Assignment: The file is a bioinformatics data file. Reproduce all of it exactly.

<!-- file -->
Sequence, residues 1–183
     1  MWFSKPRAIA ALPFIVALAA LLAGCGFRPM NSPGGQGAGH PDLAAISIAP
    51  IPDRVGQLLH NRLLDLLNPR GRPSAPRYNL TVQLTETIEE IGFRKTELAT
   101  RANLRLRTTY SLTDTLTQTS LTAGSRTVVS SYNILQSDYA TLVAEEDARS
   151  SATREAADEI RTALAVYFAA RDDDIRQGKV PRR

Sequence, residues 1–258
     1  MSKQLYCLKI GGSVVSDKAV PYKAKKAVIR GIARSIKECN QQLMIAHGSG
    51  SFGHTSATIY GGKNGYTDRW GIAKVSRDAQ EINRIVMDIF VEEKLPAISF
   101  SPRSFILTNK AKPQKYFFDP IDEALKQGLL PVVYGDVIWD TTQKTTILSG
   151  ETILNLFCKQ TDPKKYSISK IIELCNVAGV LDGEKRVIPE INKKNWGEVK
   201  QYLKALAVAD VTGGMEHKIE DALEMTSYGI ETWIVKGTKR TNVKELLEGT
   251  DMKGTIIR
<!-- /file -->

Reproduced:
Sequence, residues 1–183
     1  MWFSKPRAIA ALPFIVALAA LLAGCGFRPM NSPGGQGAGH PDLAAISIAP
    51  IPDRVGQLLH NRLLDLLNPR GRPSAPRYNL TVQLTETIEE IGFRKTELAT
   101  RANLRLRTTY SLTDTLTQTS LTAGSRTVVS SYNILQSDYA TLVAEEDARS
   151  SATREAADEI RTALAVYFAA RDDDIRQGKV PRR

Sequence, residues 1–258
     1  MSKQLYCLKI GGSVVSDKAV PYKAKKAVIR GIARSIKECN QQLMIAHGSG
    51  SFGHTSATIY GGKNGYTDRW GIAKVSRDAQ EINRIVMDIF VEEKLPAISF
   101  SPRSFILTNK AKPQKYFFDP IDEALKQGLL PVVYGDVIWD TTQKTTILSG
   151  ETILNLFCKQ TDPKKYSISK IIELCNVAGV LDGEKRVIPE INKKNWGEVK
   201  QYLKALAVAD VTGGMEHKIE DALEMTSYGI ETWIVKGTKR TNVKELLEGT
   251  DMKGTIIR